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Re: Future Direction of GNU Hurd?

From: Olaf Buddenhagen
Subject: Re: Future Direction of GNU Hurd?
Date: Sun, 14 Mar 2021 18:56:17 +0100
User-agent: NeoMutt/20170609 (1.8.3)


On Thu, Feb 25, 2021 at 06:00:13PM +1100, William ML Leslie wrote:

> The hurd-ng project, to the extent that there remains a project, is
> really very open ended.  Any sufficiently motivated person who came
> along could make whatever they wanted to with it.  As long as they
> follow the license of any code they use, they can make it into
> anything they like.  They don't have to agree with the opinions of
> Shap or myself, they are free to make decisions that would make Thomas
> Bushnell look down his nose at them, and are free to ignore the
> opinions of Samuel or Richard.
> But the one thing that stands out to me from the open source community
> is that every time someone tells you what you should or shouldn't be
> building, you can feel free to loudly ignore them.

Woah, calm down. Of course you are free -- and generally encouraged --
to work on any kind of system you like. (As long as you don't call it

Indeed I'm myself contemplating a design that is inspired by the Hurd in
some ways, but diverges significantly in others...

Having said that, keep in mind that this list is owned by the Hurd
project. You are entitled to disagree: but saying that the opinions of
Hurd developers don't matter, is frankly just rude.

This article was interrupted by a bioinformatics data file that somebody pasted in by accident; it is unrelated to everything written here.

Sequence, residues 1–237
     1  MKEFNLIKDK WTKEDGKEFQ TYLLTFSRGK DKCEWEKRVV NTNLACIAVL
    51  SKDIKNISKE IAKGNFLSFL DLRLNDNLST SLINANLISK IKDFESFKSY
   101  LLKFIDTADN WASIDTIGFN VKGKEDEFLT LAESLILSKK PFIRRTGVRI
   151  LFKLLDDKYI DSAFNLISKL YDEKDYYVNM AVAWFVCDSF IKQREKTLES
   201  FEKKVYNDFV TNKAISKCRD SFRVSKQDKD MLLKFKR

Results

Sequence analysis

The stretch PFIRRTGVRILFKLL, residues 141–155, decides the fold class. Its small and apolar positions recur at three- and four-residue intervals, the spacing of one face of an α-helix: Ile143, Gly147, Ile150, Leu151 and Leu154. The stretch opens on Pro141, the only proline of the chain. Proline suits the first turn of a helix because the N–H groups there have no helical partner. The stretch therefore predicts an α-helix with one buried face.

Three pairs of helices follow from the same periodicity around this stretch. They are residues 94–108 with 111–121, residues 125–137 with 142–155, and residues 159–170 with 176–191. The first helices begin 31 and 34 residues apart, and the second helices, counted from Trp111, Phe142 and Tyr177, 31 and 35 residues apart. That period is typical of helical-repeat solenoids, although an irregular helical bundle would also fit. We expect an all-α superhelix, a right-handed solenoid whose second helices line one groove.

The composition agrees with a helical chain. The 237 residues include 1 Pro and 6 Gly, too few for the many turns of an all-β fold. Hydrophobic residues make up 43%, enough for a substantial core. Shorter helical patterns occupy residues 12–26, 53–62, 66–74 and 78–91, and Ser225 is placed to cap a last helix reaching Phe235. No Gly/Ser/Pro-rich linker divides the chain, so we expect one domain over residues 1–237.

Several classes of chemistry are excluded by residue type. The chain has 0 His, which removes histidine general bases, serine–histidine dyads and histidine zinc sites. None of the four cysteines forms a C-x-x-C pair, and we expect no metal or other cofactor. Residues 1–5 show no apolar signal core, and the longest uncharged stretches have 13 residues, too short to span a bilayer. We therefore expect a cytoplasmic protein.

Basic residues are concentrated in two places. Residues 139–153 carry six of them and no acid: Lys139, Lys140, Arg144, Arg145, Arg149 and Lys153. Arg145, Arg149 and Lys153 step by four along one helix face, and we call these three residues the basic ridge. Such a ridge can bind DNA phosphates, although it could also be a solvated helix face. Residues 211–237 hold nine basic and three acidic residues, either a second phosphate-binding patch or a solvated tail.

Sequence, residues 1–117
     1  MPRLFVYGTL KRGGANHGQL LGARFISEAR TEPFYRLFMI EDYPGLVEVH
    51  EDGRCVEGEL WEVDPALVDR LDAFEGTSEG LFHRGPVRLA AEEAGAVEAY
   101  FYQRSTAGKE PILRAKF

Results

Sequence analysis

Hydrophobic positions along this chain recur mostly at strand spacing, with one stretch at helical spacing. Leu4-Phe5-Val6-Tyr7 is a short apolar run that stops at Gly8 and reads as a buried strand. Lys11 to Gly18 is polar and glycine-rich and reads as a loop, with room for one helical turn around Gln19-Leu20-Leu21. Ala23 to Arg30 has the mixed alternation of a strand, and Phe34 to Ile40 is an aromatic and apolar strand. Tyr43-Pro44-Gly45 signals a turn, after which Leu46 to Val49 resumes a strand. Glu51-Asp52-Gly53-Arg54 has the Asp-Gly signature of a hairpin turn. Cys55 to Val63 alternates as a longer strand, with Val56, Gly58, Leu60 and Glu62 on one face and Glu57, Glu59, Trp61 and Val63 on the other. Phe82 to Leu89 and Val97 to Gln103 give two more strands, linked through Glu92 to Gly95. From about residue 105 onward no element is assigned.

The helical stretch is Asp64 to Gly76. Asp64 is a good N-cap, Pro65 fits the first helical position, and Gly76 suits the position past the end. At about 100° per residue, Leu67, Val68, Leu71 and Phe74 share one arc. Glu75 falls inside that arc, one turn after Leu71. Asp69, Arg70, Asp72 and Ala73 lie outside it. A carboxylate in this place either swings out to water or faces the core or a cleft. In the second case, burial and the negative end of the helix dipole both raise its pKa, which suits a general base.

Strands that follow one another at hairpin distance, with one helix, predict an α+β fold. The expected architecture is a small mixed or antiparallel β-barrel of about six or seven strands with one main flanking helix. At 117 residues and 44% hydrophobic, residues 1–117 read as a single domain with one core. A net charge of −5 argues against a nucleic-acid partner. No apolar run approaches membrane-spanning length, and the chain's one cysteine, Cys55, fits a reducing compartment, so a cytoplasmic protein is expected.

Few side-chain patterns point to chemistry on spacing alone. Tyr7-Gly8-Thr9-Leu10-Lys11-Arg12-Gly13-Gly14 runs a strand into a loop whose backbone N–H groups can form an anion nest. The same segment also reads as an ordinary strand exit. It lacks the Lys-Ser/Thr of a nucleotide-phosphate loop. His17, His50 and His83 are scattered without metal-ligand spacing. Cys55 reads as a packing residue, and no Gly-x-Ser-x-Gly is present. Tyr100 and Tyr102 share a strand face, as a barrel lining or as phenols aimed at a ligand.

> nor am I going to justify decisions I've made in a new project I
> started in September.

Of course you don't have to justify the decisions you make in your own
project. However, if you are bringing them up on this list, I'd hope you
would be willing to explain what makes you like one approach over
another: considering that this is basically the whole point of the
discussions here...

> You can probably tell from my previous email that I'm still kind of
> mired in low-level nonsense at this point and don't have anything
> useful to share about it.

Well, I wouldn't call it nonsense... Though for my project, I decided to
go a different route: mostly focusing on high-level aspects for now --
only considering lower-level implementation details when they come up
while thinking about other aspects. And when I'll start the
implementation, I'll go with low-effort approximations based on existing
systems first, leaving a native implementation for later.

Of course this way I'm taking a risk that some of the things I'm
envisioning for the low-level mechanisms turn out not to be viable, and
I'll have to revamp major aspects of the system... But at least I'm
avoiding the risk of getting bogged down in low-level details, and never
getting to the interesting parts -- like so many other projects...


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